With interdisciplinary analyses of texts whose origins span the diversity of the Jewish and Muslim traditions, the provocative essays collected in Israeli-Palestinian Conflict in the Francophone World offer startling insights into the meaning of the volatile history of this conflict in the Francophone world.
In France and the Francophone world, the hostilities of the on-going Israeli-Palestinian conflict are consistently reenacted in cultural clashes between the large Muslim and Jewish populations within France and throughout the Francophone Diaspora. The notable scholars appearing in this collection interrogate the complex history of this conflict – from the beginnings of Zionism in 1897 to the first and second Intifada of 1987 and 2000 – and give unique perspectives culled from a diverse range of literary, philosophical, historical, and psychoanalytic frameworks. An important and unique volume, Israeli-Palestinian Conflict in the Francophone World, will shed new light for the reader on the dense ideological antagonisms at the heart of the Israeli-Palestinian conflict and will surely be celebrated as an invaluable resource for scholars, students, and teachers alike.
Table of Contents
Acknowledgments. Introduction: France and the Israeli-Palestinian Conflict. Nathalie Debrauwere-Miller. Part I: Alternative History of Zionism and the Jewish Question (1914-1950). 1. Tracing the Shadow of Palestine: The Zionist-Arab Conflict and Jewish-Muslim Relations in France, 1914-1945. Ethan Katz. 2. The Paradoxes of Zionism in the Work of Albert Cohen. Philippe Zard. 3. "One Nation (In)divisible?:" Sartre and the Jewish Question. Lawrence R. Schehr. Part II: Francophone Literature and Cinema on the Conflict (1957-2000). 4. Slimane Benaïssa or the Voice of Dissidence. Cyril Aslanov. 5. The Israeli-Palestinian Conflict in France: A Conflict in Search of Novelistic Representations. Annie Dayan-Rosenman. 6. When ‘l’essence arrose de haine:’ The Reinvention of Identity in Francophone Tunisian Literature. Lamia Ben Youssef Zayzafoon. 7. Otherwise Occupied: The Israeli-Palestinian Conflict in the Francophone Cinema. Lincoln Z. Shlensky. Part III: Violence, Martyrdom and Terrorism (1970-2007). 8. The Agony of Justice. Fethi Benslama. 9. Out of Palestine: Jean Genet’s Shooting Stars. Bruno Chaouat. Part IV: Muslim-Jewish Relations in France (1990-2008). 10. The War Comes Home: Muslim-Jewish Relations in Marseille during the 1991 Gulf War. Maud S. Mandel. 11. Hung up on Being Fair and Left Hanging between the Israeli-Palestinian Conflict and the "Banlieues". Johann Sadock. 12. Jews and Arabs in Postcolonial France, a Situated Account of a Long Painful Story of Intimacy. Nacira Guénif-Souilamas. Part V: Judeocentrism, Anti-Semitism and French Intelligentsia (2000-2008). 13. A New Judeocentrism? (On a Recent Trend in French Thought). Jeffrey Mehlman. 14. Dual Narratives on the Middle East Conflict: Analysis of French Literary Genre, 1967-2006. Denis Charbit. 15. How One Becomes a Traitor. Esther Benbassa. Contributors. Notes. Index.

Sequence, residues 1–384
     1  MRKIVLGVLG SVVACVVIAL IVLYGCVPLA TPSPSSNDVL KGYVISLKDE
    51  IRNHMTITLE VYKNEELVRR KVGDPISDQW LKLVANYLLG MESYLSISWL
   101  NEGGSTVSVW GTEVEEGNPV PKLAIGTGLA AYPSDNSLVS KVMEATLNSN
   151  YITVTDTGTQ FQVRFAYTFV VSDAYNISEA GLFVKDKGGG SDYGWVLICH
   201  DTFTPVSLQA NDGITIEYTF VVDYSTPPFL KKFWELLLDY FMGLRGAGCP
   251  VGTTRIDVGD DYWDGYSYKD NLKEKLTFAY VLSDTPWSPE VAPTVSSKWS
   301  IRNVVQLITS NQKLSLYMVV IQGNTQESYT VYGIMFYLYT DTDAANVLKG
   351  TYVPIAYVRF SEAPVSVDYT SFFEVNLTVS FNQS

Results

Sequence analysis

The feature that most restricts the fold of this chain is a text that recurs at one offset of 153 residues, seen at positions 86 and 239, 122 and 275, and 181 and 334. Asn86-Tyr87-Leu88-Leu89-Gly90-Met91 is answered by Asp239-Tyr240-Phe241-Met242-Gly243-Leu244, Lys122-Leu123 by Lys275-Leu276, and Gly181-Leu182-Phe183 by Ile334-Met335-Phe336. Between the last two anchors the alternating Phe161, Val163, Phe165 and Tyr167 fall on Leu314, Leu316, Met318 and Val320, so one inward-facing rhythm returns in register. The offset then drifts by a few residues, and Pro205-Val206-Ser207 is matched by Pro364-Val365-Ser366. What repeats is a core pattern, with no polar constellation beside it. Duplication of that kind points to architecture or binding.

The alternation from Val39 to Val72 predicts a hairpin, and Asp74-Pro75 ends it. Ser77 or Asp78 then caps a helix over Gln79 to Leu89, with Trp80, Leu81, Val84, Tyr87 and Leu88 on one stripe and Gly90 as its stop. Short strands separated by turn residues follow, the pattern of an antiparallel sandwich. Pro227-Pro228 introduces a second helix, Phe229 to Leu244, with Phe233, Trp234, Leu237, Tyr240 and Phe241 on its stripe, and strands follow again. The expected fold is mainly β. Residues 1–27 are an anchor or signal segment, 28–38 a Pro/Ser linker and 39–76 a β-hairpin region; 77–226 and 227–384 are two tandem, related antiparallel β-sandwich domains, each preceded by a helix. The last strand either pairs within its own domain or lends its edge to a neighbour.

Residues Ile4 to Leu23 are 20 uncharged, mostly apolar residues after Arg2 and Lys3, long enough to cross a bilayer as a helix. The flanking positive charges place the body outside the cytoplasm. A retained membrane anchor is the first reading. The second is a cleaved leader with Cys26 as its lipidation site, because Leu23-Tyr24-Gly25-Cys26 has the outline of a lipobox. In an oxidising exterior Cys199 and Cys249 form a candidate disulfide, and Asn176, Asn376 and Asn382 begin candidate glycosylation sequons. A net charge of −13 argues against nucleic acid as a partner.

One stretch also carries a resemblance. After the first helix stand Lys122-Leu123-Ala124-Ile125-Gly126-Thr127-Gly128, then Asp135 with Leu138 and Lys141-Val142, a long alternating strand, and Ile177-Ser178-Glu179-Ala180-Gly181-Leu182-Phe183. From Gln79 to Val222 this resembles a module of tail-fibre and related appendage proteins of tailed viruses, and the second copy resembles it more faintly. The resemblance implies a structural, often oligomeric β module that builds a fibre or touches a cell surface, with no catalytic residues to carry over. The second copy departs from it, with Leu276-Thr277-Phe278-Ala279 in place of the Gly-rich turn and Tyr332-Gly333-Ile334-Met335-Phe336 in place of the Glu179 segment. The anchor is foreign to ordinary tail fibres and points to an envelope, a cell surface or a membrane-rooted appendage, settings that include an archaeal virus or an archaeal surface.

Nathalie Debrauwere-Miller is an Associate Professor of French and Francophone Literature at Vanderbilt University. Her research focuses on French Jewish Studies and feminist theory. She is the author of Envisager Dieu avec Edmond Jabès (2007). She has also published numerous articles and book chapters on Edmond Jabès, Emmanuel Levinas, Hélène Cixous, Marcel Proust, Maryse Condé et Simone de Beauvoir in the US, France and Germany. They appear in journals such as Modern Language Notes (MLN), Literature & Theology, French Forum, Romanic Review, Contemporary French and Francophone Studies/Sites, Dalhousie French Studies, and in éds Minard, éd. Lendemains and Presses Universitaires de Vincennes. She is currently completing a manuscript entitled La Crypte du père: Hélène Cixous, Sarah Kofman, Eliette Abécassis and Anne Goscinny.
'Nathalie Debrauwere-Miller's edited collection provides a welcome perspective on the ways in which this exogenous conflict has been brought into the French public sphere, intersecting with, and sometimes altering, domestic debates on colonialism, immigration and racism.' – Modern Language Review